Evidence of meeting #32 for Industry, Science and Technology in the 41st Parliament, 1st Session. (The original version is on Parliament’s site, as are the minutes.) The winning word was patents.

A recording is available from Parliament.

On the agenda

MPs speaking

Also speaking

  • Gay Yuyitung  Business Development Manager, McMaster Industry Liaison Office, McMaster University
  • Scott Inwood  Director, Commercialization, University of Waterloo
  • David Barnard  President and Vice-Chancellor, University of Manitoba
  • Digvir Jayas  Vice-President, Research and International, University of Manitoba
  • Catherine Beaudry  Associate Professor, Department of Mathematical and Industrial Engineering, École Polytechnique de Montréal , As an Individual

9:55 a.m.

Business Development Manager, McMaster Industry Liaison Office, McMaster University

Gay Yuyitung

I guess I should clarify. When we file a provisional patent application in the U.S., we're not saying we aren't going to file in Canada. It's just sort of a process mechanism to file in the U.S. first. It gives us 12 months to file a PCT. And then 18 months after that, we are able to say in which countries we will actually keep the patent alive. It's in that 18-month period, when you say that you're going to file in the U.S. only, or in the U.S. and Canada, or in the U.S. and Canada and Europe, that you choose whether it's going to stay in Canada.

Right now, we do file in Canada. I think some universities don't file in Canada. Part of the evaluation is that Canada is a much smaller market than the U.S. or other places. The other part, as Scott said, is that a lot of Canadian companies aren't here. The patent allows you to sort of prevent others from making, using, or selling. If companies aren't going to be making it or using it here, and you are selling it to the United States as a major market, it might not be of value to actually file a patent here and pay those patent costs here.

10 a.m.

Conservative

John Carmichael Don Valley West, ON

To do that, you would do those registrations concurrently rather than simultaneously. Is that correct?

10 a.m.

Director, Commercialization, University of Waterloo

Scott Inwood

The U.S. filing is basically just a place holder.

10 a.m.

Conservative

John Carmichael Don Valley West, ON

You mentioned that, yes.

10 a.m.

Director, Commercialization, University of Waterloo

Scott Inwood

It's a place holder. Even Canadian corporations would likely file in the U.S. first, because for Canadian corporations the biggest market in the world is the U.S. So there would be a filing in the U.S. for a variety of technical reasons. If the filing starts there, there are certain aspects of U.S. patent law, for instance, that favour filings that are in the U.S. first. It's a major market.

This doesn't preclude our filing in Canada at the appropriate time—or anywhere in the world, for that matter.

10 a.m.

Conservative

John Carmichael Don Valley West, ON

So it's a function of scale, not just of cost?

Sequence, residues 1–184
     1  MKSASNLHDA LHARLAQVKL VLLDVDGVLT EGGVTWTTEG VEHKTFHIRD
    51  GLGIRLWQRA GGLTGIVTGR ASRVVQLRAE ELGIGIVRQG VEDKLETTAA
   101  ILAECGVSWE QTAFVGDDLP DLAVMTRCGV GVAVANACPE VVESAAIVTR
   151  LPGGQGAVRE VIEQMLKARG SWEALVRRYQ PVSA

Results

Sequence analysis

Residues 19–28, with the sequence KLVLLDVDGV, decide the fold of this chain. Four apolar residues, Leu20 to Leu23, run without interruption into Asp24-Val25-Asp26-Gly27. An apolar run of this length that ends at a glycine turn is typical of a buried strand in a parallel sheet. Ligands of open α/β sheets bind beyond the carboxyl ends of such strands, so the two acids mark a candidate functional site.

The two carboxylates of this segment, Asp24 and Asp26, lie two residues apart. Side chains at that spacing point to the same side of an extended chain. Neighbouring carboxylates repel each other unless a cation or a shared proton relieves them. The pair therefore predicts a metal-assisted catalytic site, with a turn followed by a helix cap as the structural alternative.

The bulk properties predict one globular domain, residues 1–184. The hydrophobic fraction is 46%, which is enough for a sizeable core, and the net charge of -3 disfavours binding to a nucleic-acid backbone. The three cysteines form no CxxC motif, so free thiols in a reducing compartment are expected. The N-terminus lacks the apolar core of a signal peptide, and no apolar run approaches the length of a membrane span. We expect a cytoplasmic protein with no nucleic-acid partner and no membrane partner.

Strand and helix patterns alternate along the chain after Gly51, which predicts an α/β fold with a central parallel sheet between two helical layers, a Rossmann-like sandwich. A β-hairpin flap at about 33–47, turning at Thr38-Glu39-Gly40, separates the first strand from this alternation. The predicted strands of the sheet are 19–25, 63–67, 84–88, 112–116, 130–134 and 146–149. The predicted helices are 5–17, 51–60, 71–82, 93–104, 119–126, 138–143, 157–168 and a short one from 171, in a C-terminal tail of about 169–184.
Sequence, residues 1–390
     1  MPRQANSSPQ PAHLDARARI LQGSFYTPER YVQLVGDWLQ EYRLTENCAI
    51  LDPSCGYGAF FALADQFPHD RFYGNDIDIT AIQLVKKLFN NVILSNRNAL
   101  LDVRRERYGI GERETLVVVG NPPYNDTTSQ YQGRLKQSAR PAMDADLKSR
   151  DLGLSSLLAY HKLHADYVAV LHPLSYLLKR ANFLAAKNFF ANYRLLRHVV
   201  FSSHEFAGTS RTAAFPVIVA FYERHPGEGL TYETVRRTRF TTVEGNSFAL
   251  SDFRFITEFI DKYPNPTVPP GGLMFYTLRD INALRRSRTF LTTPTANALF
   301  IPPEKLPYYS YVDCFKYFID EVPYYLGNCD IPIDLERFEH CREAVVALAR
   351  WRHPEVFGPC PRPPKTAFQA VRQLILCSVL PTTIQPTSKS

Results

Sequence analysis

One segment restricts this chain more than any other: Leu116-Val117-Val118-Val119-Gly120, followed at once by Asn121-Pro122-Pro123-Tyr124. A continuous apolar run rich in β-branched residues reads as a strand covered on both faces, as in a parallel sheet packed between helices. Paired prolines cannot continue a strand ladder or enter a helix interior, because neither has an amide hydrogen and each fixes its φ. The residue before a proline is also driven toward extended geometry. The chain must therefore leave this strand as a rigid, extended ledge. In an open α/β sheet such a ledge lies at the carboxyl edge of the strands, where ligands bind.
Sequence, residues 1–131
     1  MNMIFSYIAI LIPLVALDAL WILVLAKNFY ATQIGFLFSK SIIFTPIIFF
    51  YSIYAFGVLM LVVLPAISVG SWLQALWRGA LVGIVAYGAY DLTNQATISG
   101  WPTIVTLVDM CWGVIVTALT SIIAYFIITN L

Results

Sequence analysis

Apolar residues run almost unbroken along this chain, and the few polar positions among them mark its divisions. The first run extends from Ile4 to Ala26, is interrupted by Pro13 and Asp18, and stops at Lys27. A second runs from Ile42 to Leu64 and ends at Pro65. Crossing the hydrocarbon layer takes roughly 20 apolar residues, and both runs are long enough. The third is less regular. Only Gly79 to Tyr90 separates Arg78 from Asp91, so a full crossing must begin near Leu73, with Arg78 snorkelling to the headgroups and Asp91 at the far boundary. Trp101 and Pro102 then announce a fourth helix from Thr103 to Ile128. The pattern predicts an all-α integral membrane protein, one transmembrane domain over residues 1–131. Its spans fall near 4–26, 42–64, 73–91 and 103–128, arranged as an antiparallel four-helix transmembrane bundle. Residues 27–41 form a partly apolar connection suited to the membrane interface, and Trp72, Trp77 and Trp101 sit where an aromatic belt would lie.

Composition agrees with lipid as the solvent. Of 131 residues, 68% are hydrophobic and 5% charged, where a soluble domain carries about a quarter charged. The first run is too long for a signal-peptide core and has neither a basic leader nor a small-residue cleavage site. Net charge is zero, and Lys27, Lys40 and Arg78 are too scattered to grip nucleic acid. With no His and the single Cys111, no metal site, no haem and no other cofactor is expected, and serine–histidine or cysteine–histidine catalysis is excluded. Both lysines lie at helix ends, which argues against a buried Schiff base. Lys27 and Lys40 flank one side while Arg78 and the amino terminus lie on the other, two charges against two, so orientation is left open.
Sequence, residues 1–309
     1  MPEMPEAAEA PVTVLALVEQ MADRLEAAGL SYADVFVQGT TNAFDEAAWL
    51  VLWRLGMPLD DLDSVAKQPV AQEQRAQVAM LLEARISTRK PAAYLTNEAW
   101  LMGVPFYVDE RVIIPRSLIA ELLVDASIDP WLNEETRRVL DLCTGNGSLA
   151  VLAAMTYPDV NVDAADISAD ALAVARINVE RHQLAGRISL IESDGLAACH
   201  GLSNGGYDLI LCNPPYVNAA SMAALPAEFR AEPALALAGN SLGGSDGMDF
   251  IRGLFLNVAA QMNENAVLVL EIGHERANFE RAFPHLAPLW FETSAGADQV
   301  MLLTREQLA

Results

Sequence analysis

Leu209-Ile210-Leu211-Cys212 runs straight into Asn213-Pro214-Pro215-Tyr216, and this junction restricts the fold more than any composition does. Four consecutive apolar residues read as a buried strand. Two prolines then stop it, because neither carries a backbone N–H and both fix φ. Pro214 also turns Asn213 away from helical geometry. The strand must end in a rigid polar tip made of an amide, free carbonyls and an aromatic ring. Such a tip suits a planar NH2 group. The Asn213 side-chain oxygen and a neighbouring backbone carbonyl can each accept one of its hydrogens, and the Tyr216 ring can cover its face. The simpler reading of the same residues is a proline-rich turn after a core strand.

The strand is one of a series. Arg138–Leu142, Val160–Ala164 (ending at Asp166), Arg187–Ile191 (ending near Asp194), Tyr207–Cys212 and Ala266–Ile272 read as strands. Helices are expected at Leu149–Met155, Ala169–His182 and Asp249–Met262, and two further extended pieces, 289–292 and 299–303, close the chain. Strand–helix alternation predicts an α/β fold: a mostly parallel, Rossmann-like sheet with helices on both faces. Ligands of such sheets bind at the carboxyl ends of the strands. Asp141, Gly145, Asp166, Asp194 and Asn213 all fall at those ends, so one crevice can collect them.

10 a.m.

Director, Commercialization, University of Waterloo

Scott Inwood

Yes. There are some patent-related laws and precedents that drive people to file in the U.S. first, but it in no way precludes our filing in Canada at the appropriate juncture in the future. It's just a place holder.

10 a.m.

Conservative

John Carmichael Don Valley West, ON

Earlier this month we heard from a witness that Canada is the place of second filings. My concern is that if we truly believe in keeping creativity and innovation here, at least from the outset, are we missing the boat on this? Are we missing the opportunity?

10 a.m.

Director, Commercialization, University of Waterloo

Scott Inwood

I don't think so, because even Canadian corporations, if they had to file one patent, would probably pick the U.S., because it's a big market. But they're operating out of Canada, so it's still a benefit to Canadian corporations.

10 a.m.

Conservative

The Chair David Sweet

Okay.

Madam Yuyitung, did you have more to offer on the last question that you hadn't completed?

10 a.m.

Business Development Manager, McMaster Industry Liaison Office, McMaster University

Gay Yuyitung

No, that was it.

10 a.m.

Associate Professor, Department of Mathematical and Industrial Engineering, École Polytechnique de Montréal , As an Individual

Dr. Catherine Beaudry

Just very quickly, we surveyed a number of firms in nanotechnology, and what they have told us is that they strategically patent in the markets where they want to expand. They might patent a compound in a number of countries, but not in other countries. They can't afford to patent in every single jurisdiction, so they strategically post their patents throughout the world.

10 a.m.

Conservative

The Chair David Sweet

That pretty well does it, Mr. Carmichael.

Now we go on to Mr. Harris for five minutes.

May 17th, 2012 / 10 a.m.

NDP

Dan Harris Scarborough Southwest, ON

I think getting that first foot in the door is really the critical thing with the patents. I think that has been illustrated by everyone.

I apologize quickly to the witnesses, but I have some committee housekeeping to attend to now.

I noticed that in today's agenda we didn't have the notice of motion that I had submitted, so I would like to introduce the motion now. It is that the Standing Committee on Industry, Science and Technology immediately call representatives from MDA and Industry Canada to appear before this committee on Tuesday, May 29, 2012, to update the committee on the status of the RADARSAT constellation program.

I have a copy of the motion in both languages as well. I would not want us to kick out the witnesses, but perhaps we can attend to this at the end of the meeting.

10 a.m.

Conservative

The Chair David Sweet

I think you'll find agreement on that—I would hope.

All right, then we'll attend to that in the last 15 minutes.